During inspections, the FDA seeks to, inter alia determine the site’s level of compliance with relevant regulations; determine if any corrective actions are needed to protect public health and safety; and/or gather facts in support of enforcement action. The FDA inspects facilities, documents, production processes, samples of products and labeling, and also interviews staff. The focus is on various quality system subsystems, which provide top-level guidance for various aspects of the design and manufacturing processes to ensure finished devices are produced in compliance with FDA regulatory standards and to ensure they are safe and efficacious for the general public. The quality system subsystems fall into five general categories:

Production and Process Controls. Production and process controls generally relate to establishing and maintaining procedures to document, monitor and verify compliance of the manufacture of the device. These processes are applied to all phases of production beginning with initial purchase and receipt of raw materials and/or parts and extending to the sale, distribution, installation and servicing of the finished product.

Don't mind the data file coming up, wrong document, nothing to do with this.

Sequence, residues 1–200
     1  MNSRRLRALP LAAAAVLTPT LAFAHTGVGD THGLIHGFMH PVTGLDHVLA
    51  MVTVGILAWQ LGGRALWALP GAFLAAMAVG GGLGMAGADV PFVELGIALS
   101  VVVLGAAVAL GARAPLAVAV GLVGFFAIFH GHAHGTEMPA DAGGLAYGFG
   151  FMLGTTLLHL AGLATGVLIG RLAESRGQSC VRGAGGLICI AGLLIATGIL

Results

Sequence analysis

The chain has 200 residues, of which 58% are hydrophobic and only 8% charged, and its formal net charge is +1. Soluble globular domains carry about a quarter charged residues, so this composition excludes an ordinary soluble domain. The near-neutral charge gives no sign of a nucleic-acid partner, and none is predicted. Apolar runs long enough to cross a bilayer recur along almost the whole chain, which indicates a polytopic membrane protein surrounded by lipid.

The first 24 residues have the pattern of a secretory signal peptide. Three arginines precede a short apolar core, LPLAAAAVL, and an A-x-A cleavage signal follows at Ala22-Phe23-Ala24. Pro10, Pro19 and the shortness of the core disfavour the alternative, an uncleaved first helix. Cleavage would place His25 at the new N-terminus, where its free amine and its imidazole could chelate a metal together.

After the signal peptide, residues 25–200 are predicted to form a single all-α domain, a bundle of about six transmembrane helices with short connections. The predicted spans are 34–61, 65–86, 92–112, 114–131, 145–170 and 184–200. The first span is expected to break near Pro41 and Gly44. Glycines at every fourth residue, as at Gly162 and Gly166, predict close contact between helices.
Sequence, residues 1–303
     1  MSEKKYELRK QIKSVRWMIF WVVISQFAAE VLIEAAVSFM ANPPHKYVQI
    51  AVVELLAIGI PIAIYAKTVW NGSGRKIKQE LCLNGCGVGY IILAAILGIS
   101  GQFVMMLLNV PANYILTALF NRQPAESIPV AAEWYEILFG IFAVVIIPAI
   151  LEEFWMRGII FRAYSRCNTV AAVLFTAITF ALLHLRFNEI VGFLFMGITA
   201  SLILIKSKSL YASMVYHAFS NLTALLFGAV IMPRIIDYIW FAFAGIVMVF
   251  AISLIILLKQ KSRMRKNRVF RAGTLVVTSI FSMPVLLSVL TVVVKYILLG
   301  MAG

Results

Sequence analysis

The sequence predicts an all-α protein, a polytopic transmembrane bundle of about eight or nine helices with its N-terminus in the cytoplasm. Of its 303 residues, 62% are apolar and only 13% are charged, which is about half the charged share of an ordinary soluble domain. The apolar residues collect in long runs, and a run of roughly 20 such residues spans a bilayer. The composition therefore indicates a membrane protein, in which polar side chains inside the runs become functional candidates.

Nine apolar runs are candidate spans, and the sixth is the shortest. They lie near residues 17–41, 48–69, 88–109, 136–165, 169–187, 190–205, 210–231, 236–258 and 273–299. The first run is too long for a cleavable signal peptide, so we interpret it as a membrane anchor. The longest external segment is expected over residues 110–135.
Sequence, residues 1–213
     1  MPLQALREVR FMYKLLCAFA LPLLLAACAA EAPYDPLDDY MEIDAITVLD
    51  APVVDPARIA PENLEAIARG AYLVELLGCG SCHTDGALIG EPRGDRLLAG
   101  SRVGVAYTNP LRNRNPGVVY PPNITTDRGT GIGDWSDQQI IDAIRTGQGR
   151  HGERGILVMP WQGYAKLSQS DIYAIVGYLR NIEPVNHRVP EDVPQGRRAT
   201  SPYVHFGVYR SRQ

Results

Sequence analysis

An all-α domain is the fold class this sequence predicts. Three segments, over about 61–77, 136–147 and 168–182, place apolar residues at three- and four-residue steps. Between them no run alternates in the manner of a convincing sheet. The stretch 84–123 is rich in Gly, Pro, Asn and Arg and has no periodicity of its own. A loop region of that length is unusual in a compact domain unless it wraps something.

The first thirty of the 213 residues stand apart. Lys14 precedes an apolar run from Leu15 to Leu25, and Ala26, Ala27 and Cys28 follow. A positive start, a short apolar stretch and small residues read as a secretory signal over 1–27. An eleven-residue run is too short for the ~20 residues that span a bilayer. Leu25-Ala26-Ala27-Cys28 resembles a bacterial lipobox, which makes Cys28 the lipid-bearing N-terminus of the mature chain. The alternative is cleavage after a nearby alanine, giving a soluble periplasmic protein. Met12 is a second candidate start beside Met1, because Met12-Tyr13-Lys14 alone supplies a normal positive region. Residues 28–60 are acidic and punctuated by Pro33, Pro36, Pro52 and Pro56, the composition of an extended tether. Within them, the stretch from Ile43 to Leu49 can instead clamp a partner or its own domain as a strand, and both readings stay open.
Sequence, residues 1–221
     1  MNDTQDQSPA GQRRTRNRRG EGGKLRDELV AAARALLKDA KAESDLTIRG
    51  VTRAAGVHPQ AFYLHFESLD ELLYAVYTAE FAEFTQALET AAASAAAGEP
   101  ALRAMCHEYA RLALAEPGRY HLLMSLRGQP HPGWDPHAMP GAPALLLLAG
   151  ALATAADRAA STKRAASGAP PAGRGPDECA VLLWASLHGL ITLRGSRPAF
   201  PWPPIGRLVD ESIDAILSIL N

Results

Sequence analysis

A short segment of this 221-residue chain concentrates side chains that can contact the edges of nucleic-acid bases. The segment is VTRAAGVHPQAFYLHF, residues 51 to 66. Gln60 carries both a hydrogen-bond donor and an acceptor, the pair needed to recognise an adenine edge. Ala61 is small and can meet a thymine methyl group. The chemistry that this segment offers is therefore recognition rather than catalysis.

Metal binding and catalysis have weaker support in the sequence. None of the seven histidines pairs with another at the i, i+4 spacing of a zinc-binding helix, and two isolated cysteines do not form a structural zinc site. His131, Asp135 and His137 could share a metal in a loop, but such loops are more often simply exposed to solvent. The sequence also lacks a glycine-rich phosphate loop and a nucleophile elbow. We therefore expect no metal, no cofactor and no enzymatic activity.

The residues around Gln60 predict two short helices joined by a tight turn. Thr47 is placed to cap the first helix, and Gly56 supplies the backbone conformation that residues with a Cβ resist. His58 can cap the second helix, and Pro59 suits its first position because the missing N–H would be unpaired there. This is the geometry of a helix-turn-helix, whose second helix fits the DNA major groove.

Corrective and Preventive Actions. Corrective and preventive actions generally relate to establishing and maintaining procedures for investigating non-conformances, identifying actions to address these, and verifying that these actions are effective.

Design Controls. Design controls generally involve the establishment and maintenance of procedures to control the design of the device to ensure that the specified design requirements are met.
Management Controls. Management controls refer to policies, organizational structure, resources, personnel and internal review of the quality system.

Document Controls. Document controls relates to procedures for documenting device and batch/lot-specific specifications and production processes, as well as for document approval, distribution and changes.

Warning Letters